Having a gynecological exam has never been a pleasant experience, but for some women it can go beyond the usual uncomfortable feeling.
Some sexual abuse victims may have such anxiety and fear over getting a Pap smear that they avoid them altogether, according to a study published in the Journal of Family Planning and Reproductive Health Care.
Only about half of British sexual abuse victims in the small study received a Pap smear in the last five years, whereas the rate for the general population is around 79 percent.
Pap smears might trigger trauma responses and cause survivors to feel victimized. Some survivors report that the feeling of loss of control and the uncomfortable and even painful probing of the exam reminds them of their past.
Other past victims state that their examiner lacked sensitivity and had poor communication. Victims are also embarrassed about having to explain their experiences and the remaining visible signs of their abuse.
It’s especially important for survivors to get Pap smears because they might be more at risk for cervical cancer. The study provided some suggestions for making Pap smears more bearable.
The study suggested that from abuse victims’ responses they might have more positive experiences with Pap smears:
- if they have time to discuss their fears over the screening
- if they have a supportive person with them during the test,
- if they deal with a professional who is understanding
- if they are in a comfortable and private area for the test
- if there was a signal that could be used to stop the test if necessary
Professionals should also avoid using the trigger word “relax” during the test, because that word is sometimes used by perpetrators during an act of abuse.
A sexual abuse victim and professionals give suggestions on how to overcome negative emotions associated with Pap smears.
Maureen Clancy, a licensed clinical social worker, said in an email that she had a client who won’t receive a Pap smear because of the helpless feeling she gets lying down with her feet in stirrups. This client experiences a “freeze” response, where she physically freezes up and can’t speak or move.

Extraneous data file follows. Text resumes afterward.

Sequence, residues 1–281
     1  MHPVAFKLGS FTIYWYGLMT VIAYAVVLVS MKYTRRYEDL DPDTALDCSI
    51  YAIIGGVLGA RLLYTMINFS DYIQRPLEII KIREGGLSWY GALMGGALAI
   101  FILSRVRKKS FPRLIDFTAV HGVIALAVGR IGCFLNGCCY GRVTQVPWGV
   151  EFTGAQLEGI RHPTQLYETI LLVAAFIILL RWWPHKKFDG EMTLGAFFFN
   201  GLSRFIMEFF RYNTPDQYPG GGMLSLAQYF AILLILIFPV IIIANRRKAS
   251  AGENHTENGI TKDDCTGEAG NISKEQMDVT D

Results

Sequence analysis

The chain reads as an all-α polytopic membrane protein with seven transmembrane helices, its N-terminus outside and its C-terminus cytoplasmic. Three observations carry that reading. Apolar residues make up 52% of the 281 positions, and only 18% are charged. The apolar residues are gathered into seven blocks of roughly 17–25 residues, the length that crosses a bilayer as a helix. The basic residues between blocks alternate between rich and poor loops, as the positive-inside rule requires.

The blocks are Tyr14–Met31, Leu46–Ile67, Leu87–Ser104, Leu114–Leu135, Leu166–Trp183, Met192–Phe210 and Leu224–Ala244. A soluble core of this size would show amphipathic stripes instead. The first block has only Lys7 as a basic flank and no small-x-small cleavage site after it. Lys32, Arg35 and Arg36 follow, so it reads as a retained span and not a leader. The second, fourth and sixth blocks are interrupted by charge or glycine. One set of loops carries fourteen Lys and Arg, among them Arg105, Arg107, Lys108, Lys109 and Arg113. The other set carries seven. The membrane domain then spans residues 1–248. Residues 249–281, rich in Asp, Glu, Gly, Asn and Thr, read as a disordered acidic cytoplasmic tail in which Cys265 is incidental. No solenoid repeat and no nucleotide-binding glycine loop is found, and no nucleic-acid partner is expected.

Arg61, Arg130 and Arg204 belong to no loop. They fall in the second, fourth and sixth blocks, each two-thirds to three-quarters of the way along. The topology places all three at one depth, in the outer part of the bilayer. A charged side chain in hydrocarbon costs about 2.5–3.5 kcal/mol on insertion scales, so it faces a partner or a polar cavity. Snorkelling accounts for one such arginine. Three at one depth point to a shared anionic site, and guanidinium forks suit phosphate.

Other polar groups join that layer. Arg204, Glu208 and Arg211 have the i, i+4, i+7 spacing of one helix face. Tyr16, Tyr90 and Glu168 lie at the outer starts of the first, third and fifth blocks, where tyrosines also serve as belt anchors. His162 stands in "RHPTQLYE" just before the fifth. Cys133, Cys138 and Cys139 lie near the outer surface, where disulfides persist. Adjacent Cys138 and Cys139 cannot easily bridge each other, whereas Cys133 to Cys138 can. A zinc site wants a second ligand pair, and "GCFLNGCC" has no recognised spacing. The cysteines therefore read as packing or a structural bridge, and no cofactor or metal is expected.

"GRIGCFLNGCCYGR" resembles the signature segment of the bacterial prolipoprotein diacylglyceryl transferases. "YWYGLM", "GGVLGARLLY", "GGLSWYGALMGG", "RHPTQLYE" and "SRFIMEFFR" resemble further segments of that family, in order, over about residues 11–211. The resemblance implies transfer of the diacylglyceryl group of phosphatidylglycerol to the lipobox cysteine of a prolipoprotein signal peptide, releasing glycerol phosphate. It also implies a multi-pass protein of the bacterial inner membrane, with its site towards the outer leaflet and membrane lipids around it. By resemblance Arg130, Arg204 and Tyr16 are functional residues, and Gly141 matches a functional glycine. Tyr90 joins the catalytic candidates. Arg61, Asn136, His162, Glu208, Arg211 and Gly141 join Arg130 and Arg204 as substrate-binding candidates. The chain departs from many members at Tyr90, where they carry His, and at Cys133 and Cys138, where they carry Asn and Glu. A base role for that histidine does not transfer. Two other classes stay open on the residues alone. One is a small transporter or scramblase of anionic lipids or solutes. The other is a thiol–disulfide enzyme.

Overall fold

However, other survivors have found ways to endure an exam. Here are tips Clancy has received from her clients:
1) “Leave if they feel uncomfortable.”
2) “Ask the clinician giving the exam if he/she is sensitive to patients who have experienced sexual trauma.”
3) “Ask the same thing over the phone before making the appointment.”
4) “Have someone in the room with them who is comforting.”
5) “Hold an object that represents safety during the exam.”
6) “Bring a bottle of lavender essential oil and inhale it to feel calmer.”
7) “Ask for detailed descriptions about what is being done and why.”
Here are suggestions Clancy has for providers:
1) “Ask about sexual trauma history prior to the physical exam and ask the patient what would help. Then be sure to do it.”
2) “Always let the patient know that they have rights and that you will help them.”
3) “Don't say ‘relax’ or ‘this will be different’ or ‘you'll be fine.’ These words and phrases can be invalidating to the experiences of sexual abuse survivors. Rather, ask them to talk about a place they've been to that feels calm and safe.”
4) “If you notice the woman having a ‘freeze’ response, stop the exam. Gently say the patient's name and encourage her to re-orient herself to the present by focusing on the color of the walls, etc. When the patient calms, ask if she is able to continue. If not, honor that and ask if she would like to make another appointment or if she wants a referral to a therapist.”
Cristalle Sese, a clinical psychologist, suggested in an email that professionals make sure their patient feels in control, make the exam comfortable, and give them information to remove any surprises during the exam.
They should make their patient feel empowered about taking charge of their health and allow them to control the pace, and remove any judgments about past sexual experiences.
Christy, a sexual abuse victim, said in an email that she was molested by an OBGyn, so gynecological exams are a major struggle for her.
She has gotten through recent exams by utilizing counseling, only going to female professionals, and having her husband in the room holding her hand during her exam.
Sometimes she’ll take medication to calm herself down. Her past experience is in her health file so professionals are aware of why she might have responses like crying and shaking due to her flashbacks.
She said the positive behavior and attitude of a provider is key to the experience.
MedPage Today. Phend, Crystal. Sexually Abused Women Skip Pap Smears. Web. Oct. 17, 2012.
Clancy, Maureen. Email interview. Oct. 17, 2012.
Sese, Cristalle. Email interview. Oct. 17, 2012.
Christy. Email interview. Oct. 17, 2012.
Reviewed October 18, 2012
by Michele Blacksberg RN
Edited by Jody Smith